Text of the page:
It came down to a brief skirmish between the Goeben and the Evstafi.
was hit at least once, probably from Evstafi’s first salvo. That hit knocked out a port
secondary gun and started an ammunition fire that caused a magazine to flood. Goeben
altered course and steamed away at full speed. Evstafi took four hits but was
not seriously damaged
Russia on the Offensive
In December the Russians launched naval operations against
both the Bosphorus and Zonguldak.
Extensive minelaying took place off the former, and
they attempted to block the harbor of the latter with four old ships. Breslau was on patrol and, learning
of the raid, moved to intercept. Two of the Russian ships were sunk and the
others were scuttled.
Goeben had led a lucky life so far, but that
was about to change. She was also out at sea and returning to the Bosphorus when she hit two mines on 26 December. Damage was
considerable and the ship spent three months undergoing repairs, which was not
helped by the absence of a suitable dry dock. Engineers were sent from Germany to facilitate the repairs, filling
breaches in the hull with concrete.
1915 also saw two Russian seaplane carriers in action. While
relatively ineffectual as attack aircraft, the seaplanes proved useful for
reconnaissance. In response to the increased Russian aggressiveness, the
Germans and Turks launched a major raid on Russian shipping. The raid
backfired, as the old cruiser Medjidieh hit a mine off Odessa and was sunk. The Russians actually
managed to salvage that ship and put it back into service in October as the Prut.
In February 1915 the British and French launched their
operation against Gallipoli. The Allied objective was to force the Bosphorus, make an amphibious landing outside the Ottoman
capital, and then seize Constantinople. Unfortunately for the Allies, the operation quickly bogged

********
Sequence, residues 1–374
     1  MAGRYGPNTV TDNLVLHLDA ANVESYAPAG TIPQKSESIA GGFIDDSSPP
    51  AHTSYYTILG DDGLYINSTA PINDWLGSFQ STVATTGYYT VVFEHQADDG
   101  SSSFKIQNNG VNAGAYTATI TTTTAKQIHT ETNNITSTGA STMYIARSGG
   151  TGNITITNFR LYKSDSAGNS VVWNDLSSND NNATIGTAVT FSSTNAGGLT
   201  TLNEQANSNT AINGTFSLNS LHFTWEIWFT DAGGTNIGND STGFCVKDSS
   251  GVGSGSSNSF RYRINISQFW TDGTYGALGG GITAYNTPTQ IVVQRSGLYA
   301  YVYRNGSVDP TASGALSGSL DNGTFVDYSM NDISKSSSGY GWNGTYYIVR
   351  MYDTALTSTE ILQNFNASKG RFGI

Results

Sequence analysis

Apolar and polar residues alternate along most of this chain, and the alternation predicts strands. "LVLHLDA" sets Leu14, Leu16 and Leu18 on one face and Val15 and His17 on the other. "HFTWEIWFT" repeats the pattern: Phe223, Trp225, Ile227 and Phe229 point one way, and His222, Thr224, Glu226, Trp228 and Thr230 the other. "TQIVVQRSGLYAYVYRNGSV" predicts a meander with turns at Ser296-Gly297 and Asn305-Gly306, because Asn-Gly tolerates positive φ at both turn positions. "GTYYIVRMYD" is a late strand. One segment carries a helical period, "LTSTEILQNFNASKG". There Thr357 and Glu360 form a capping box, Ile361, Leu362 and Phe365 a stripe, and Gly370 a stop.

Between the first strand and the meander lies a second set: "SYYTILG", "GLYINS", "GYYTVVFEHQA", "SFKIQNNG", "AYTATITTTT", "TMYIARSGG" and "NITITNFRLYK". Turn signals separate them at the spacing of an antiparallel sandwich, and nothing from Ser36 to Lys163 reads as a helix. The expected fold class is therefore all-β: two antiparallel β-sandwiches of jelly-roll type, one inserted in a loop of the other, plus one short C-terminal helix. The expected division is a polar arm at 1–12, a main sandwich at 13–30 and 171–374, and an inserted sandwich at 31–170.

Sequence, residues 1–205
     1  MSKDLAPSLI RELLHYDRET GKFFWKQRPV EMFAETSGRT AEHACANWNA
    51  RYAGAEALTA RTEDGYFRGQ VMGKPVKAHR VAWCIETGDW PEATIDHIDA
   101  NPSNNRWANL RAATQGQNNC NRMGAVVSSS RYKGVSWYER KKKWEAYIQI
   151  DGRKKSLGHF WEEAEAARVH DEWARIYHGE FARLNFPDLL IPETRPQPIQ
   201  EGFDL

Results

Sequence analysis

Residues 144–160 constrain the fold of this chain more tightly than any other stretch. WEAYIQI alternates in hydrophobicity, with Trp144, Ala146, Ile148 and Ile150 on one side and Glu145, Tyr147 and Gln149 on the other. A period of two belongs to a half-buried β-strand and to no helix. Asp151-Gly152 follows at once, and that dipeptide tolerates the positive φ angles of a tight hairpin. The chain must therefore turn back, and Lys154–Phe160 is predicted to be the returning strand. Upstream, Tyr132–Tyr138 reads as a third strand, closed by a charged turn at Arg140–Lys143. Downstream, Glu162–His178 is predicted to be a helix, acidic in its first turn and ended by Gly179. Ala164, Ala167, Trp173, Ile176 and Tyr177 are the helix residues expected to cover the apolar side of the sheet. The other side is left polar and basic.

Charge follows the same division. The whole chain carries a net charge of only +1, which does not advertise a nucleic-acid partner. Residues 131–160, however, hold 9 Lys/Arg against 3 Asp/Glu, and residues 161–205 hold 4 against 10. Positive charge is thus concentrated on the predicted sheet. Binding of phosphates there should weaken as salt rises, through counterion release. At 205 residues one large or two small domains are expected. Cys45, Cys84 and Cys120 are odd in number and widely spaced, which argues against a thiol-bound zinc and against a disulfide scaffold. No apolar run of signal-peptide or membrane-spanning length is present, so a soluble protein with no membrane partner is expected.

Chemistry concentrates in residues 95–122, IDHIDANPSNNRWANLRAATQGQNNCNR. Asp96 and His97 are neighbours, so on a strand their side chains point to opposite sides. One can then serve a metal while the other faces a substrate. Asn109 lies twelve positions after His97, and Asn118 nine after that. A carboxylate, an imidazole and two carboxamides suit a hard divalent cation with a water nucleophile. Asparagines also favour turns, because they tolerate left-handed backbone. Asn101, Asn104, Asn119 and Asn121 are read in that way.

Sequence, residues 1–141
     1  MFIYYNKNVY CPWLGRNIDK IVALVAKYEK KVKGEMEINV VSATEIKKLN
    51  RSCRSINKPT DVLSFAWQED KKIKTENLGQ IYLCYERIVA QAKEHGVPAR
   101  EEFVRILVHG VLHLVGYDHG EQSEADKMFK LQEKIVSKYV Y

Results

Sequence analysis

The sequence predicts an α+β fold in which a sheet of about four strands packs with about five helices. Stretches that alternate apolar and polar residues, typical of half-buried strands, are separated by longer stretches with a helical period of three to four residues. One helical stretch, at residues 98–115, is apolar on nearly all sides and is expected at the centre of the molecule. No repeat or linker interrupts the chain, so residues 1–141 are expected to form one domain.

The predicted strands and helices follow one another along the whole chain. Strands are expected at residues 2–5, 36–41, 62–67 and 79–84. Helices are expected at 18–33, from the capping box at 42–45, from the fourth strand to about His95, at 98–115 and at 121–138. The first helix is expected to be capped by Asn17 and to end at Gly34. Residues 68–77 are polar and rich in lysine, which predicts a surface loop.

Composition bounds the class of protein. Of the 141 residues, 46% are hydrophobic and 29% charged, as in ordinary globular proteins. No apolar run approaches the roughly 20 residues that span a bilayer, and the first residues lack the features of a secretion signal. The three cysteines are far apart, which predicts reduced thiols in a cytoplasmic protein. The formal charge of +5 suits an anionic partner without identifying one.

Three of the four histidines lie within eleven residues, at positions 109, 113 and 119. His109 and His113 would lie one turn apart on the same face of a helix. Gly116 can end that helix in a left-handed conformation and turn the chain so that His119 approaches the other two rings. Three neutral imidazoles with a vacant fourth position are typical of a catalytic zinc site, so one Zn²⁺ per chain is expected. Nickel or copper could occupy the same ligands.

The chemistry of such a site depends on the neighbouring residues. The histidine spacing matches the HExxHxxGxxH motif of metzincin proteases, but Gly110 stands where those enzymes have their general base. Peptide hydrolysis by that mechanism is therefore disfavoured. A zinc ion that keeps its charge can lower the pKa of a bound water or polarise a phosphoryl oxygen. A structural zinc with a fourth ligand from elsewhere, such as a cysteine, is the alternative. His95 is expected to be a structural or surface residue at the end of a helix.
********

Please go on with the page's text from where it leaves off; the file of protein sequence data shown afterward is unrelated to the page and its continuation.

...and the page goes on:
down as Turkish resistance stiffened. Throughout April and May 1915, the Russians
raided the area around the Bosphorus in support of
Goeben came out again on 9 May to try to pick
off isolated ships, and on the 10th nearly caught two
pre-dreadnoughts, two seaplane carriers and some light ships that were engaged
in bombardment operations. But the German ship was spotted by a screening
cruiser, and the Russians concentrated two pre-dreadnoughts against her. The Goeben
ought to have had the upper hand, but German gunnery did not live up to its
reputation and, amazingly, failed to score a single hit on the Russian ships,
despite ideal conditions. With considerable skill, Ebergard
brought two more pre-dreadnoughts to bear, and the Goeben took several more hits before fleeing.
In October 1915, the Russians brought into service the first
of their eagerly awaited modem battleships, followed three months later by a
second. Each was a match for the Goeben, well armored and with heavy firepower. The Goeben’s
only advantage was her superior speed, which gave her the opportunity to avoid
combat. The Russians now formed two battle groups, one around each of the new
battleships and a third based on the pre-dreadnoughts. The balance was turning.
The Shipping War
Sea transport in the Black Sea was important for the Turks due to the